The idea of sun-warmed frangipanis and beaches is a summer dream, and Curaçao Bay (Jacques Fath, 2015), created by perfumer Cécile Zarokian, is intended to evoke that experience. The eclectic idea of marine notes and white flowers is promising, and I am game for such a twist. The result seems like a novelty at first, but ultimately is unconvincing.
To be fair, one is offered the tropical flower and the sea tang as promised. It opens with bright citrusy notes and green blackcurrant buds that restrain the growing richness of frangipani. Creamy coconut and narcotic ylang ylang dominate the floral accord. Its white floral sweetness is contrasted with an ambery, marine note. Indeed, I can relate to a scene of frangipani trees lining a beach. And, as it develops, it turns muskier and the marine note becomes more pronounced. A touch of bitter almond and tonka bean lends extra warmth to the frangipani. I could simply like its quirky character, a twist of frangipani.
But it goes awry after an hour. The marine tang can be somewhat penetrative, and rather than a bay in the tropics, I start to imagine being stuck in a lift with the intense marine note left behind by someone who has oversprayed himself with Invictus (Paco Rabanne, 2013). Not quite like the advertised sun-warmed beaches. However interesting the idea to convey might be, you are out of luck if the fragrance annoys.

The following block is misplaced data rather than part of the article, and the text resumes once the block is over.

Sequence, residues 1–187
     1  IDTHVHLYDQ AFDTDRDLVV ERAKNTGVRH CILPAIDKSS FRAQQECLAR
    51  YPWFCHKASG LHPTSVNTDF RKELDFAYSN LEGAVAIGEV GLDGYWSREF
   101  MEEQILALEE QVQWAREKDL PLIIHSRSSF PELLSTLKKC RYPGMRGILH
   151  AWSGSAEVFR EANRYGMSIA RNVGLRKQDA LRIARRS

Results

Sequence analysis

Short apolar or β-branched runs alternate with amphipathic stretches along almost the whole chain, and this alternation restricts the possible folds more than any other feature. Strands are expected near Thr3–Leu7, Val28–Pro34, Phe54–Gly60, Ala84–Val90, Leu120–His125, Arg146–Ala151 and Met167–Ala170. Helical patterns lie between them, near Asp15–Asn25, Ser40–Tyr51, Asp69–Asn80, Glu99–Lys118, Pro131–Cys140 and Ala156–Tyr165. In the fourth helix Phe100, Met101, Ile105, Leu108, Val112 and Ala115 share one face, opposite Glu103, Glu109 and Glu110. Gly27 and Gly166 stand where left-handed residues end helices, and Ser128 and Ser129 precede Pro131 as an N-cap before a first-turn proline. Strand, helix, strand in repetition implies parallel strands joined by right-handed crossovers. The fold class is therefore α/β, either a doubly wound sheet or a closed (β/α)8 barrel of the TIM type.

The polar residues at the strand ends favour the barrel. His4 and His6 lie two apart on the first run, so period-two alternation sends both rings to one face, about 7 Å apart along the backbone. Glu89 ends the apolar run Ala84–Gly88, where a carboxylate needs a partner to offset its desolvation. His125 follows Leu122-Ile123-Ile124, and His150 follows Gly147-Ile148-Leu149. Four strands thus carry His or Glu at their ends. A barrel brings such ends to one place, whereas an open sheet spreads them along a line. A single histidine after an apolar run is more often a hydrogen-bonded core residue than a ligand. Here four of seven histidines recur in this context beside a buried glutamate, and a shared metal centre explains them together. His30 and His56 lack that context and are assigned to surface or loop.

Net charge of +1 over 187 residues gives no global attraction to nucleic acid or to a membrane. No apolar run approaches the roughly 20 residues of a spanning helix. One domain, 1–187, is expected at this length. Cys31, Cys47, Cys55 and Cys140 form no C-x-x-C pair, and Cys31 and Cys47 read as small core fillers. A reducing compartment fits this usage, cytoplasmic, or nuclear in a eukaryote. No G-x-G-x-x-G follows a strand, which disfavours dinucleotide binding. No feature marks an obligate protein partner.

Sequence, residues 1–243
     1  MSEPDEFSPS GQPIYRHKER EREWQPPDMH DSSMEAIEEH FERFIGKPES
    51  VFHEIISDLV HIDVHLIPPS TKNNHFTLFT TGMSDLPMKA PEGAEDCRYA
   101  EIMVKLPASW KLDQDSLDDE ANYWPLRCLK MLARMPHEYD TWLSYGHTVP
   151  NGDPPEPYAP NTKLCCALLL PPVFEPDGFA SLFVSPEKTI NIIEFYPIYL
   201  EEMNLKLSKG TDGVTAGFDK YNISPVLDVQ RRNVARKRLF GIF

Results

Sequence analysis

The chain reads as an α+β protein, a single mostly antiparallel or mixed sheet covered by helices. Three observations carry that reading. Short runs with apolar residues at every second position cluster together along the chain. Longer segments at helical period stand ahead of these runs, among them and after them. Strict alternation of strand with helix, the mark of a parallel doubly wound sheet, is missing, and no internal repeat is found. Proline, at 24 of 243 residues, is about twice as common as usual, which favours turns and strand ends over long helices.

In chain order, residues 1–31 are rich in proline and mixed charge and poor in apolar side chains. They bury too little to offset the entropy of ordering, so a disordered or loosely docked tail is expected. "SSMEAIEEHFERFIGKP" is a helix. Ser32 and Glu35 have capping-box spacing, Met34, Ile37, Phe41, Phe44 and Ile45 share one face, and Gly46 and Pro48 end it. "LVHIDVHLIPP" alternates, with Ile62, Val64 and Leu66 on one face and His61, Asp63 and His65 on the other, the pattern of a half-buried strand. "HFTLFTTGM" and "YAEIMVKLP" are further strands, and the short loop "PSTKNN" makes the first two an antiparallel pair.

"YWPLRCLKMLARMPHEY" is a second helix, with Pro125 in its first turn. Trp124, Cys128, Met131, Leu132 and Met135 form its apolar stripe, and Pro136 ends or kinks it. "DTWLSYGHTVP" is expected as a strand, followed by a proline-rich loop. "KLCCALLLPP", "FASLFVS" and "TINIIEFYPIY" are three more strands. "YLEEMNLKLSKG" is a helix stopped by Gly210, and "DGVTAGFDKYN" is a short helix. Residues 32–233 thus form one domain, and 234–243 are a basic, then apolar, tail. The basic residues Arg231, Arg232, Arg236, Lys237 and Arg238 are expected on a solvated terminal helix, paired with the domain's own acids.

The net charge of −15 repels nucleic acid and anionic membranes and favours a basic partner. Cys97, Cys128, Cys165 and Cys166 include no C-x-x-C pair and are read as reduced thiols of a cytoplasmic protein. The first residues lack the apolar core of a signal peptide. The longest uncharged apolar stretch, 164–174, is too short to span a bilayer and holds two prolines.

I bore with it till the dry down of vetiver and salty woods a few times, as I really wanted to make sure I can overcome the harsh marine tang and partake in the promised fantasy. Still, I remain unmoved. The opaque musk note in tandem with a persistent ambery note eventually make for a nuisance. The frangipani possesses some nuances, but there are plenty of more complex and luxurious frangipani accords out there that do a better job of evoking a summer paradise. Curious though its sketch may be, the resultant juice is literal, plain, and unmemorable.
Source: Jacques Fath Parfums